Table 2 LDL-C Management in Patients with Concomitant CAD, Diabetes and CKD

22.3% of the total patients had self-reported diabetes. BG was poorly controlled. HbA1c levels greater than 8.0% reached 31% in patients with diabetes. In patients without self-reported diabetes, 40.5% of them had FBG in the range of 5.6–7.0 mmol/L and 21.8% of them had HbA1c greater than 6.5%, which met the diagnosis of pre-diabetes and diabetes.11 (Table 3)

Table 3 BG Management in Patients with Hypertension

The average BMI was 24.68±4.40 in females and 25.05±3.72 in males. 59.8% of the females and 54.4% of the males attained the BMI targets. The average abdominal circumference was 82.28±13.34 cm in females and 87.96±14.31 cm in males. Only 38.7% of the female and 57.9% of the males achieved the target of the abdominal circumference (Table 4).

Table 4 Body Weight Management in Patients with Hypertension

Characteristics of Patients from General and Community Hospitals

Patients of general hospitals were much younger than those of community hospitals (63.0±13.3 vs 67.0±12.3, p<0.01). Males accounted for more in general hospitals than in community hospitals (61.8% vs 53.6%, p<0.01).

The average BP in general hospitals was higher than that in community hospitals (144.6±20.5/85.6±13.6 mmHg vs 140.0±16.4/82.9±11.9 mmHg, p<0.01). Fewer patients had their BP controlled under 140/90 mmHg in general hospitals than in community hospitals (34.5% vs 46.6%, p<0.01). ABPM was not frequently used in general or community hospitals (4.2% vs 4.9%, p=0.34).

The plasma lipid levels were much more well-controlled in general hospitals than in community hospitals. In patients with CAD, more patients achieved LDL-C lower than 1.8 mmol/L in general hospitals than in community hospitals (39.7% vs 16.7%, p<0.01).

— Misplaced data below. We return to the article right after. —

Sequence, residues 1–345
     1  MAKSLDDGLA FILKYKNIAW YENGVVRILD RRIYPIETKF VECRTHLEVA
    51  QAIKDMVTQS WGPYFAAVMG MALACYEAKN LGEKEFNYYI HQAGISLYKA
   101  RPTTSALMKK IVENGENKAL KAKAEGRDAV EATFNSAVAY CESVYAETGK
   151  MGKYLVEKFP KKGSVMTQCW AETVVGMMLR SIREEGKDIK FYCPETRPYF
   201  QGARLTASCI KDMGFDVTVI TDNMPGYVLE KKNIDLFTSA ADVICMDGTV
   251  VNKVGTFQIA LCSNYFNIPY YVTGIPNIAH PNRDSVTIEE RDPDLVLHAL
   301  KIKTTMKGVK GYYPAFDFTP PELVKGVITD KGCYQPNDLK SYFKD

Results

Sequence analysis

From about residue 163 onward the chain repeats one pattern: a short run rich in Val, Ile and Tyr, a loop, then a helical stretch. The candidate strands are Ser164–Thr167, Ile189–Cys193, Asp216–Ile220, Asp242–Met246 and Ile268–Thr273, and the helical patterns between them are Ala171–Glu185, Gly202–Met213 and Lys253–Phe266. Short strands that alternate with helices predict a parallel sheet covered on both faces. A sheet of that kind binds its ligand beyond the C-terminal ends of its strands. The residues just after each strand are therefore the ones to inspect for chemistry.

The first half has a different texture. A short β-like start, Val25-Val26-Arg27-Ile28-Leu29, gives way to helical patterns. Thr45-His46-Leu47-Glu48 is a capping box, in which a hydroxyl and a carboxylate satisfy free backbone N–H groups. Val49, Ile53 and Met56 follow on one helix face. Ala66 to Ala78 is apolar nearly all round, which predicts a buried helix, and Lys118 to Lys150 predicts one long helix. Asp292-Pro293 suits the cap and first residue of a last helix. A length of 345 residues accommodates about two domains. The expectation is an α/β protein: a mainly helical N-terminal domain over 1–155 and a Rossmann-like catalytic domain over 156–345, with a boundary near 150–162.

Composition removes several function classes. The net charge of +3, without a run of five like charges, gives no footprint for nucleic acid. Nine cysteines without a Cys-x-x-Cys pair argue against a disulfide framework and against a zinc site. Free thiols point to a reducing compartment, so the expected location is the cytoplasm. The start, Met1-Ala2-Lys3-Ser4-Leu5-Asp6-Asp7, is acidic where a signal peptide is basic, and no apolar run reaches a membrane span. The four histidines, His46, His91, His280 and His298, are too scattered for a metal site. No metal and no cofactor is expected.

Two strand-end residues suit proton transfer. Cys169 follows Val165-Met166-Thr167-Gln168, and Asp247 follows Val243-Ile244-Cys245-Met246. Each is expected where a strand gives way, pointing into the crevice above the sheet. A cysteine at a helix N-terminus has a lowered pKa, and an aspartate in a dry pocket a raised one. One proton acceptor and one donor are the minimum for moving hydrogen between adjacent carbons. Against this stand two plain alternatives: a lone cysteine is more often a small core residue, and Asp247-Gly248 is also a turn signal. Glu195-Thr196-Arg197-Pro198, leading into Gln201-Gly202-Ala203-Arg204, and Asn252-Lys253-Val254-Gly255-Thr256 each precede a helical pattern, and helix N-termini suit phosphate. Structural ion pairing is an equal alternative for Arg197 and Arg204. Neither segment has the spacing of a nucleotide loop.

However, blood glucose was still poorly managed and the average HbA1c was higher in general hospitals than in community hospitals (8.2±2.5 vs 7.4±1.9, p<0.01).

The average BMI was also higher in general hospitals than in community hospitals (25.3±3.7 vs 24.7±4.2, p<0.01) (Table 5).

Table 5 Integrated Management of Hypertension in General and Community Hospitals

After adjusting for age, gender, anti-hypertensive therapy, statin therapy, and anti-diabetes therapy, general hospitals turned out to have worse control of BP < 140/90 mmHg (OR 0.63, 95% CI 0.55–0.73, p<0.001) and similar control of BP<130/80 mmHg (OR 0.85,95% CI 0.68–1.06, p=0.138), comparing to community hospitals (Table 6).

Table 6 The Achievement of BP, LDL-C, HbA1c and BMI in General Hospitals Compared to Those in Community Hospitals

Patients in general hospitals had better control of LDL-C <1.8 mmol/L in CAD (OR 3.25, 95% CI 2.02–5.24, p<0.001), better control of LDL-C <2.6 mmol/L in DM (OR 1.57, 95% CI 1.05–2.34, p=0.026) and better control of LDL-C < 2.6 mmol/L in CKD (OR 3.13, 95% CI 1.72–5.71, p<0.001) (Table 6).

The control of HbA1c in patients with DM was similar in general and community hospitals at the target of 6.5% (OR 0.77, 95% CI 0.47–1.25, p=0.292), the goal of<7.0% (OR 0.83, 95% CI 0.54–1.27, p=0.393) and the target of 8% (OR 0.64, 95% CI 0.41–1.00, p=0.052) (Table 6).

The control of BMI was worse in general hospitals comparing to community hospitals (OR 0.72, 95% CI 0.63–0.83, p<0.001) (Table 6).

Discussion